Tango is a very structured dance.
There are distinct rules: one leads and one follows.
The music is very traditional. It is from Argentina and isn’t tango if the music is from somewhere else.
The dance is from Argentina and must reflect that culture.
Tango is a very free dance.
It is improvised.
It fits with lots of music.
It gives you a place to explore…even as a follow.
Why do I start these two paragraphs with such contradictory statements? I was thinking about play. What exactly is play? I found this definition useful, as well as beautiful.
*Improvisation, composition, writing, painting, theater, invention, all creative acts are forms of play, the starting place of creativity in the human growth cycle, and one of the great primal life functions. Without play, learning and evolution are impossible. Play is the taproot from which original art springs; it is the raw stuff that the artist channels and organizes with all his learning and technique. (Free Play, p. 42)
Isn’t that beautiful? Play is the taproot from which original art springs! Why is that so very interesting to me? When I was a little girl, I would stand on my parents fireplace mantle and dance to soul music (Stevie Wonder being one of my favorites). My mother had placed a mirror across from the mantle, so I could see myself dance. It was a blissful act. One of pure freedom and pleasure. As a woman, I still love those moments in the kitchen, or the living room, or the club, or… the milonga where I have the opportunity to let go of expectations and truly explore. I feel my body from the floor to the ceiling. I feel bones and muscles and pressure points and stretching. It’s electrifying to be able to feel my body express the music exactly as it enters my ear. Not my leaders ear…mine. Does this always work? I would argue…100% of the time. Now, to be more specific, it doesn’t always work the way people want it to. If you are dancing with another person, and they feel the music differently, yet you take the risk to explore anyway… well, it can be a sloppy experience. But, guess what?? There is NOTHING wrong with that. You might get your toes stepped on. You might pause when they go. It might not be pretty. You might even fall down. But you are participating in life’s great primal function, without which learning is impossible. Imagine that! It’s impossible! When we play, we learn our limits, and that is a useful thing. But more importantly we learn how not to limit ourselves. We learn that our limits are far more flexible than we thought.
I’ll give you another example. I’m a singer. I come from a very long line of singers and musicians. My grandmother sang like an angel. My mother sings with power…sometimes you feel like it’s almost masculine…like that of a man. I have aunts and uncles that sing. They sing together. They sing alone. They sing with the instruments that they play, or they sing a cappella. All of this can be very intimidating as a shy little girl. My grandmother taught me to sing. Really, she taught us all, and then she proceeded to make us stand up and share our talents. I would get so frightened that I would literally give myself laryngitis. It was truly a physical manifestation of fear. I wasn’t pretending. I was scared shitless and my voice would stop working. I thought….Im not a singer, not like my family anyway. But, as time went on, I realized it was a part of my bones. I found my voice with my first-born. She was a colicky little animal. She cried constantly…for months. And with that, I cried. But, I found my singing voice with her. I would walk up and down the sidewalks, with her in my arms and sing. I would sing any song I could think of. I would sing nursery rhymes. I would sing the Beatles. I would sing along with songs I heard coming out of the apartment windows around me. What I realized is this, I’m not a singer like my grandmother. I’m not a singer like my mother. I sing like me, and that is its own thing. I love it. I couldn’t live without it. I love the way it feels. I love the way I breath when I sing. I love the way it resonates in my chest and my vocal chords. I love that I carry my musical instrument everywhere I go. Does my voice crack sometimes? Absolutely! Sometimes I don’t get the sound I want. But my limits are far more flexible than I realized as a child, and most of the time, it’s a blissful experience. It’s fun. And it is most definitely playful.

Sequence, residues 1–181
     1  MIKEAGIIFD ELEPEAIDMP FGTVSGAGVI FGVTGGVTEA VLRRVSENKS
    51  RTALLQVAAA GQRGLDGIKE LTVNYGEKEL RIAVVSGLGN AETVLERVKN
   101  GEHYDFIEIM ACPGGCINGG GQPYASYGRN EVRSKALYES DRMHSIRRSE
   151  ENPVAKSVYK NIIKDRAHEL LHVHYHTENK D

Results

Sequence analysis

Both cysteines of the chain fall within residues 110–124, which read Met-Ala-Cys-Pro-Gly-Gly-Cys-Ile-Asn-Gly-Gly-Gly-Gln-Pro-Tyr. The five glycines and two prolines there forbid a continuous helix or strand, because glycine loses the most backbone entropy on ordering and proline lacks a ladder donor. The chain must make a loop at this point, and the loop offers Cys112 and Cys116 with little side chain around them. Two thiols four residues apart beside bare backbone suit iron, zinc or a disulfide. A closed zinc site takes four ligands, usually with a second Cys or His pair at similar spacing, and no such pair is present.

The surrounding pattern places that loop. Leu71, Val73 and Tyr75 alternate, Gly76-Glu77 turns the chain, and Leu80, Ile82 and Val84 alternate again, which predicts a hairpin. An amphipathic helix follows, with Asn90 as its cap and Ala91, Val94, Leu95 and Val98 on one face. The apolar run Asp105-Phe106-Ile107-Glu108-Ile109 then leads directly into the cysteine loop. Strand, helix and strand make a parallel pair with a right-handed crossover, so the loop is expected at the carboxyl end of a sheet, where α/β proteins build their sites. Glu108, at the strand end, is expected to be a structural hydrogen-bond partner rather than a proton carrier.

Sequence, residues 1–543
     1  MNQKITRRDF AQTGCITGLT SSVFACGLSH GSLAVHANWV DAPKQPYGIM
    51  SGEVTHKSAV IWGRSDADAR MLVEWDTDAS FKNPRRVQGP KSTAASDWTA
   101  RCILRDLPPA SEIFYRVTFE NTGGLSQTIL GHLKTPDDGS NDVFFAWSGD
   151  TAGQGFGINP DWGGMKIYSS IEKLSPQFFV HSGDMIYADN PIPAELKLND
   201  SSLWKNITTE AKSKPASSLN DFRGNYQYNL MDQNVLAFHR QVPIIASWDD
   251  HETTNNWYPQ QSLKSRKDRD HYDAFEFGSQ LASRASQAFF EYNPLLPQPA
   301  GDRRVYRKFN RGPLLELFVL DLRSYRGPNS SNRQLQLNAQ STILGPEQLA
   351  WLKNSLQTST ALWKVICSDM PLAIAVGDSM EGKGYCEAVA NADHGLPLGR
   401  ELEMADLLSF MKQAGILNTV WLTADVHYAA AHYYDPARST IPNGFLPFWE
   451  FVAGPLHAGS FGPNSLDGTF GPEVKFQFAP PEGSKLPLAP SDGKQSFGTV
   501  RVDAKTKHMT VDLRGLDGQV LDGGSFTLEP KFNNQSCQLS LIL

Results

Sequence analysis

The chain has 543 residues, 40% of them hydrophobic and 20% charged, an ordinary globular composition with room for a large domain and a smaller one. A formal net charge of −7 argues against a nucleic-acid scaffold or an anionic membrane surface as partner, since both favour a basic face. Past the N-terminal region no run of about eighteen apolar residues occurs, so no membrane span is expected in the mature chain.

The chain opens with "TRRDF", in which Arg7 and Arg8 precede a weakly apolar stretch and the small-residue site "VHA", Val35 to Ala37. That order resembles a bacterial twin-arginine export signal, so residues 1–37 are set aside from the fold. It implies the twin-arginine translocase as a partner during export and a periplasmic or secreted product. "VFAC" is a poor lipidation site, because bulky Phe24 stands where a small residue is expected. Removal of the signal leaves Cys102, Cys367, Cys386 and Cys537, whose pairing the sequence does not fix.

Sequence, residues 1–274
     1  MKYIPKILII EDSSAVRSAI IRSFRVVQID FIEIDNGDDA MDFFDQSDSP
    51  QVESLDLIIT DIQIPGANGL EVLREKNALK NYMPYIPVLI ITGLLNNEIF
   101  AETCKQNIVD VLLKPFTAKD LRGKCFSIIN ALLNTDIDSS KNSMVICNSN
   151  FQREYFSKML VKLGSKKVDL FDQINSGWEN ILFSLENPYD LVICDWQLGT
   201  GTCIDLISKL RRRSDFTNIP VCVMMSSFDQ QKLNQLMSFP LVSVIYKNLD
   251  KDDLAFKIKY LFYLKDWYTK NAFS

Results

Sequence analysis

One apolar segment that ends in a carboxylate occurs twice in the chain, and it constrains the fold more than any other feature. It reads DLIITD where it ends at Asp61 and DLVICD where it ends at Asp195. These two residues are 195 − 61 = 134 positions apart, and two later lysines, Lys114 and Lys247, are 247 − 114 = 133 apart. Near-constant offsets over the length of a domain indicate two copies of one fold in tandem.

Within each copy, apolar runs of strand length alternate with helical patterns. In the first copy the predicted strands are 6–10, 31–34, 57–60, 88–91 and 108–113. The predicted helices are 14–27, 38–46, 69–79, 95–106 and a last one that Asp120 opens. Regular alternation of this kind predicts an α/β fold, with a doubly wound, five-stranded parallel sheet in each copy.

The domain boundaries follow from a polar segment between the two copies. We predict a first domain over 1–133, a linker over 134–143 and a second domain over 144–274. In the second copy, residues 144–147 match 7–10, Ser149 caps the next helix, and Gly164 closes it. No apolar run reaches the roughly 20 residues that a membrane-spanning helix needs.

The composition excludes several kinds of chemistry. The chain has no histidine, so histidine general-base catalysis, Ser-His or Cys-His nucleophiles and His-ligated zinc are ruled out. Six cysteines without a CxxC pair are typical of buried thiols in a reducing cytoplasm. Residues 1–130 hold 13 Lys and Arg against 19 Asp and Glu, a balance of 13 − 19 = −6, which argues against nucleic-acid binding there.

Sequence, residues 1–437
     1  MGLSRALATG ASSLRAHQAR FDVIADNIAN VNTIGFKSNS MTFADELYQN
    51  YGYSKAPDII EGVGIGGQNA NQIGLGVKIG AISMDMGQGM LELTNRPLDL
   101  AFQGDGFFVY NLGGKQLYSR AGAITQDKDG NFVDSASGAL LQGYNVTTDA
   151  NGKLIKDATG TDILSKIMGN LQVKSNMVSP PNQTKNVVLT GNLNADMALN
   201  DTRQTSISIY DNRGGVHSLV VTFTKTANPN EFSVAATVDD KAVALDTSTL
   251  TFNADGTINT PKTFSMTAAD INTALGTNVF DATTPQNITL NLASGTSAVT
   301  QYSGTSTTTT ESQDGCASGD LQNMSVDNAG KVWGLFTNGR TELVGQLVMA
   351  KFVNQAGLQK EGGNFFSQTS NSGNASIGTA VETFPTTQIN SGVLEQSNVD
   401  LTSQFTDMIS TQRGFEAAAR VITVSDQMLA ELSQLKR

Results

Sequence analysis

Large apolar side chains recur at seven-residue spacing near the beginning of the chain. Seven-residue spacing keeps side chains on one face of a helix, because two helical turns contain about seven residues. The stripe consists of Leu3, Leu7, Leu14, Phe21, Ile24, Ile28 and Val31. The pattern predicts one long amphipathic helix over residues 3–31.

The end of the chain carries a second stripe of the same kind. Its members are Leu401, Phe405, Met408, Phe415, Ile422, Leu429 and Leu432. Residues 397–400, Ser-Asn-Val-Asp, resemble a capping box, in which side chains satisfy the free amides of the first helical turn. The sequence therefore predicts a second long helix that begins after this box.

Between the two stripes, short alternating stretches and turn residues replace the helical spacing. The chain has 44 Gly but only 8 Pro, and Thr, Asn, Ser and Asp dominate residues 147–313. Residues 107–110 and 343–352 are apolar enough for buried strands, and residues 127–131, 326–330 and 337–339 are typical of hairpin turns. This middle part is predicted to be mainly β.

As a grown up, I give this advice. Don’t be afraid to explore your dance. Don’t be afraid to fail. DON’T be afraid to experiment. You will learn far more than if you stick to the rule book that someone else wrote for themselves. That was their exploration. Find your own. You might just find something wonderful!